#9 Vulnerability: An African Womens’ perspective-Jamilla Secyugu

Jamilla is a thirty-six-year-old, Montreal raised immigrant, from Kenyan and Rwandan lineage. Since both of her parents converted to Islam prior to any kind of cognizance, she was raised with elements of Islam as well an influence of the predominant culture and religion of Christianity.  As a mother of two, she’s had to learn how to adapt rather quickly to most situations it is something she now recognizes as a strength she inherited from both parents. 

Finding identity in a label obsessed world has been a difficult journey. The validity in cross-sectioning identity and adaptability is a skill set she wishes to teach her children as well as anyone willing to learn.  Simply because that could help traverse even the most daunting subjects that could lend itself to the ability and/ or possibility to have a conversation.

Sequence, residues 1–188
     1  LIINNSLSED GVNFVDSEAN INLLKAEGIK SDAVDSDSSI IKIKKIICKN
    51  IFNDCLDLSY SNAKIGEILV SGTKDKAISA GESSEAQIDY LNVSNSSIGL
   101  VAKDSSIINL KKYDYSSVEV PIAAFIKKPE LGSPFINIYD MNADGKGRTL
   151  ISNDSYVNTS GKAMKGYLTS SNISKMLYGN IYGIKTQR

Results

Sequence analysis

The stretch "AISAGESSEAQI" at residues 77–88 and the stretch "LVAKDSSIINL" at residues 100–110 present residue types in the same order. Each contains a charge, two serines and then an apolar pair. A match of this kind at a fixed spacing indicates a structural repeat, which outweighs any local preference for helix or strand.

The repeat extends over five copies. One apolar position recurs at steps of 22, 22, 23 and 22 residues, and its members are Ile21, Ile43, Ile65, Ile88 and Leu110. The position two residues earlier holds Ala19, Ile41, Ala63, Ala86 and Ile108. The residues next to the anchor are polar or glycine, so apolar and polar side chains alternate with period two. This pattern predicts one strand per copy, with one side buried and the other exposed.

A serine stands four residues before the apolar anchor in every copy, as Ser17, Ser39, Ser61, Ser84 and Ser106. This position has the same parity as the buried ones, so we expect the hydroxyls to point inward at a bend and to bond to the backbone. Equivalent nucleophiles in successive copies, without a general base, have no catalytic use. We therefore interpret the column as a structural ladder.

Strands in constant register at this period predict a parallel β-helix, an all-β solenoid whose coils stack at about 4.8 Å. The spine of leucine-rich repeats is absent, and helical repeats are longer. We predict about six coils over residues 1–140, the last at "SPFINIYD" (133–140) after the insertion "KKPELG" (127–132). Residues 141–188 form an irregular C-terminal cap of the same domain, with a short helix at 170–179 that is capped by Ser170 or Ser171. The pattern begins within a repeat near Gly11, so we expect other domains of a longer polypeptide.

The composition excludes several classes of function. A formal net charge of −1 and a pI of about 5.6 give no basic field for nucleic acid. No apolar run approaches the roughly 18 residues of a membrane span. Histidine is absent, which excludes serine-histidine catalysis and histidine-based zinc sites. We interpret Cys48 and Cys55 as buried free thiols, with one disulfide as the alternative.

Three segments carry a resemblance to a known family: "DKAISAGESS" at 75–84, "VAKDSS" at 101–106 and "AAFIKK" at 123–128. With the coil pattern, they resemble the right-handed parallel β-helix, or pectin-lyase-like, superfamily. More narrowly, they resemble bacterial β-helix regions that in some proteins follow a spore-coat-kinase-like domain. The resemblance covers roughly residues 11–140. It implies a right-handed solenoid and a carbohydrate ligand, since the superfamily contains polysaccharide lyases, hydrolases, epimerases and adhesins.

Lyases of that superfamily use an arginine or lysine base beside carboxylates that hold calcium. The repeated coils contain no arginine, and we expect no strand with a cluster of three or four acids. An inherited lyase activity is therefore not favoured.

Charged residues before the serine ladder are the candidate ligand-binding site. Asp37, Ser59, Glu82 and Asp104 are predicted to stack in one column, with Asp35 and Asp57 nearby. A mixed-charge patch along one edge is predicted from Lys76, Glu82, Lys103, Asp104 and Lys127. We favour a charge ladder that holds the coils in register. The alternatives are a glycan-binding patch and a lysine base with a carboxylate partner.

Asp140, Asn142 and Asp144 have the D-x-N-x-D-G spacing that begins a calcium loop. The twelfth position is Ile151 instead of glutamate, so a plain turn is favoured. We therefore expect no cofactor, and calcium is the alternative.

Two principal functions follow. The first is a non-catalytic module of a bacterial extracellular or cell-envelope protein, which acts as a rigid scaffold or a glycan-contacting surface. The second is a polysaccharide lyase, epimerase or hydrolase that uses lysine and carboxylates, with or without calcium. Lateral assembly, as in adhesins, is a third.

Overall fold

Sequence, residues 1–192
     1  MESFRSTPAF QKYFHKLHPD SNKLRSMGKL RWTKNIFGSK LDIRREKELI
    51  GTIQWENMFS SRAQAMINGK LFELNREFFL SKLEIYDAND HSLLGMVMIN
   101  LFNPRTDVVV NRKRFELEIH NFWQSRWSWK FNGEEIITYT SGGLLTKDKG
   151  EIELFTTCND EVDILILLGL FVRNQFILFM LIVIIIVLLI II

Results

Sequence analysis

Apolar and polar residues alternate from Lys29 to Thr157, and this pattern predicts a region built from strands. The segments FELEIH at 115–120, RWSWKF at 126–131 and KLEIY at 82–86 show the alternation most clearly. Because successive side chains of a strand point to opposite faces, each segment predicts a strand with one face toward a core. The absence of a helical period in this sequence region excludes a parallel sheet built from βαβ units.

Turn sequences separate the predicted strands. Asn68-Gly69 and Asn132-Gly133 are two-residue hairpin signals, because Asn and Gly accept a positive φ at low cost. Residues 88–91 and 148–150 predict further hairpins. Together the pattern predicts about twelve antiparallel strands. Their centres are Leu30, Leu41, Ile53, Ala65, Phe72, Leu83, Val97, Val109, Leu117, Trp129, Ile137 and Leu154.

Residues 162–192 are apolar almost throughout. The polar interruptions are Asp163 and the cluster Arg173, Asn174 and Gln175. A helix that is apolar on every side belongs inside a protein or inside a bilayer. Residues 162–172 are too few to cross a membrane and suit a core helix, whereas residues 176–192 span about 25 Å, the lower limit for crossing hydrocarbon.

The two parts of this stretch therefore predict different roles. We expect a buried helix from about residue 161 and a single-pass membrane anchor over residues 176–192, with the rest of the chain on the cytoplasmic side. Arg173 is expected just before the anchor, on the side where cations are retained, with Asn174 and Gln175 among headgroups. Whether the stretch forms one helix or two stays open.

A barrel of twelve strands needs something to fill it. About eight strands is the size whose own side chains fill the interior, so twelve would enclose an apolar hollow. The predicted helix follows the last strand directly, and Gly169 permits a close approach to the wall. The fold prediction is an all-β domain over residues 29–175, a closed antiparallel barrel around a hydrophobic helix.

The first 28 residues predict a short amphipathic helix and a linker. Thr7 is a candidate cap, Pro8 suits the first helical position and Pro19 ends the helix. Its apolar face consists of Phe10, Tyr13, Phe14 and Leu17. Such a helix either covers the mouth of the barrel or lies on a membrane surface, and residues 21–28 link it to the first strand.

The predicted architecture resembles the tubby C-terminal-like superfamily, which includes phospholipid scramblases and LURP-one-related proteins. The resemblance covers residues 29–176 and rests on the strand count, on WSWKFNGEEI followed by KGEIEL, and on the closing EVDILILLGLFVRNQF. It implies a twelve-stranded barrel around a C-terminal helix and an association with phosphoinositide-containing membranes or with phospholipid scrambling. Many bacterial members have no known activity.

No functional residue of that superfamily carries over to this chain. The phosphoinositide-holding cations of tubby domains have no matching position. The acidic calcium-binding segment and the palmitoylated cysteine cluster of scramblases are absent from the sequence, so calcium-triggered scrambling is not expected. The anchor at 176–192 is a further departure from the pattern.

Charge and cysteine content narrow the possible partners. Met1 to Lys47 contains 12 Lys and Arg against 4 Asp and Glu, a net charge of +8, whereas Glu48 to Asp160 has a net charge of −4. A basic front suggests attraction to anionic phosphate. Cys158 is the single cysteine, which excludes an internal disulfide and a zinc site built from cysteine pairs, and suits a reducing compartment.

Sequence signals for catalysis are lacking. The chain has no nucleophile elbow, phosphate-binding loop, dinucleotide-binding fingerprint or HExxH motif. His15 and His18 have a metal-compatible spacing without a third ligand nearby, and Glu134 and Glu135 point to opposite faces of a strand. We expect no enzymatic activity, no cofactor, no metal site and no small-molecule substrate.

Everything difficult starts with a conversation that is uncomfortable. A quote that would represent life as she sees it “I am no longer accepting things I cannot change, I am changing things I cannot accept”  -Angela Davis

In this episode we conversate on:

-Identifying self in eyes of parents culture 

-Vulnerability needs to be retaught to black women

-Vulnerability is not a sign of weakness

This Episode is available NOW on Apple Podcast, Spotify, Stitcher, Anchor, Google Podcast

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